A Culture of Professionalism

AFW Safety: Flying at Night – Laser Dangers

The team at Angel Flight West hope you are enjoying the fall season!

Recently I did a mission from San Diego to Imperial in the Eclipse. It was a beautiful IFR departure through low level clouds out of Montgomery (MYF) then quickly over the clouds, watching the bright moon which my passengers and I enjoyed. Twenty minutes later I was landing on Runway 32 at Imperial (IPL). The airport can blend in with the surrounding lights, however I like to follow the VOR approach, which provides improved situational awareness especially at night, even under clear skies.

The ramp was populated with a few Ospreys who stop for fuel during night operations. After deplaning my passengers, I was quickly airborne, flying to the IPL VOR to stay clear of other airspace. After connecting with LA Center, I was turning right direct to BARET intersection and was climbing through about 7,500 MSL. Wham – I was illuminated by a very bright continuous green laser on my left.

What surprised me was not only the intensity of the light, but also the apparent width – it looked like a broad source rather than a pinpoint. It may have been caused by the light scattering when it hit my cockpit window. Without staring at the light to prevent visual impairment, I tried to pinpoint its location, just like spotting fires, and notified ATC. It appeared to be originating from Mexicali, 4nm south of my location at the time. A few seconds later, I was illuminated again, this time from a different location to the west of the first one. I turned off all of my external lights to reduce my visibility to them and the lasers stopped.

In talking with ATC, they can’t do anything outside of their airspace, however the PIREP helps other pilots. I suspect they were actually targeting CBP aircraft that were below me and I was caught at the same time. Of course, ATC wouldn’t comment on the presence of CBP aircraft near me.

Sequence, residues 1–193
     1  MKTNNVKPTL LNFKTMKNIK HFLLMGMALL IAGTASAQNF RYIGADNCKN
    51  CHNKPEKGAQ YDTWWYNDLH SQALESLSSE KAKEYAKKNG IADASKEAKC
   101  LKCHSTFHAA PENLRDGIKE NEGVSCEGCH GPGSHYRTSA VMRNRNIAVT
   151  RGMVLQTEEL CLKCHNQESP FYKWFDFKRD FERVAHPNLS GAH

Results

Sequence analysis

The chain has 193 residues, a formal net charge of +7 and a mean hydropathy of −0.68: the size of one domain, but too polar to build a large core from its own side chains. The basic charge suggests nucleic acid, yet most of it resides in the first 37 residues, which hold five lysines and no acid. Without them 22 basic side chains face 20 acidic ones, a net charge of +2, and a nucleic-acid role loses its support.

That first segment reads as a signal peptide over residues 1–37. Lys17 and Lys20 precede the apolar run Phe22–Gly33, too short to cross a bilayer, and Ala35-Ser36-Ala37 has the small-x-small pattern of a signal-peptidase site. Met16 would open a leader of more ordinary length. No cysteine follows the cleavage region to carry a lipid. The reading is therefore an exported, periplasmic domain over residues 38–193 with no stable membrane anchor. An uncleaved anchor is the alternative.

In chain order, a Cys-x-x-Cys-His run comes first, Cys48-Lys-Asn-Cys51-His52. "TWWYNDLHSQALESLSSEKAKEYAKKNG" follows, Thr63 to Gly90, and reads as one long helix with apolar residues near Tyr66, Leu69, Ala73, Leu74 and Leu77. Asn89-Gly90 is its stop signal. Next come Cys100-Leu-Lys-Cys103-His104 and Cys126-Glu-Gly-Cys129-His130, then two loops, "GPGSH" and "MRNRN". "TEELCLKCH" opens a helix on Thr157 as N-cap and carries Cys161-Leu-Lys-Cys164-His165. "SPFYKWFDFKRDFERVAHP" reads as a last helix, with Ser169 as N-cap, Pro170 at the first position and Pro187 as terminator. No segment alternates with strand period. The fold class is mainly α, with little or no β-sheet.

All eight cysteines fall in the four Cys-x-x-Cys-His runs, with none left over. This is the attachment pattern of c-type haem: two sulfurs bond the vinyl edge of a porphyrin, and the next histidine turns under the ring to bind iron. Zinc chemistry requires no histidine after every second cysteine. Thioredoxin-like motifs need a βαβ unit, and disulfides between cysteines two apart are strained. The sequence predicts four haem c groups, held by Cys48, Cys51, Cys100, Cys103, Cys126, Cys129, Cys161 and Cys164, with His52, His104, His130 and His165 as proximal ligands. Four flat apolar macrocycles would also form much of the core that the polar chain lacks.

I’ve seen ground lasers before and typically they are a single pinpoint of light. These were quite different. One of the hardest actions to do is NOT look at the lights. Green lasers are known to reduce not only short-term visual acuity during flight, but some pilots have had reduced vision for several days afterwards. While I didn’t feel any significant visual impairment, it did have the same impact of having a very bright flashlight shine in your eyes at night. I didn’t expect it to be so powerful well above the ground.

I made sure that I could view all of my instruments and ATC asked if I had any injuries. I’ve heard of law enforcement helicopters being targeted in some areas and since they operate at much lower altitudes, the potential impact can be significant.

If you are targeted by a laser, don’t risk your vision by looking directly at the light. If you can give approximate location information to ATC – great! But don’t do it at the risk of your safety, however notify ATC in any case and file an FAA report as well.

FAA Reporting Guidance: https://www.faa.gov/aircraft/safety/report/laserinfo/


If you have any specific questions about safety operations, please reach out to our safety team below.


Bruce Poulton, AFW Safety Officer
[email protected]

Alexios Stavropoulos, AFW Safety Officer
Bruce[email protected]

General Safety Email
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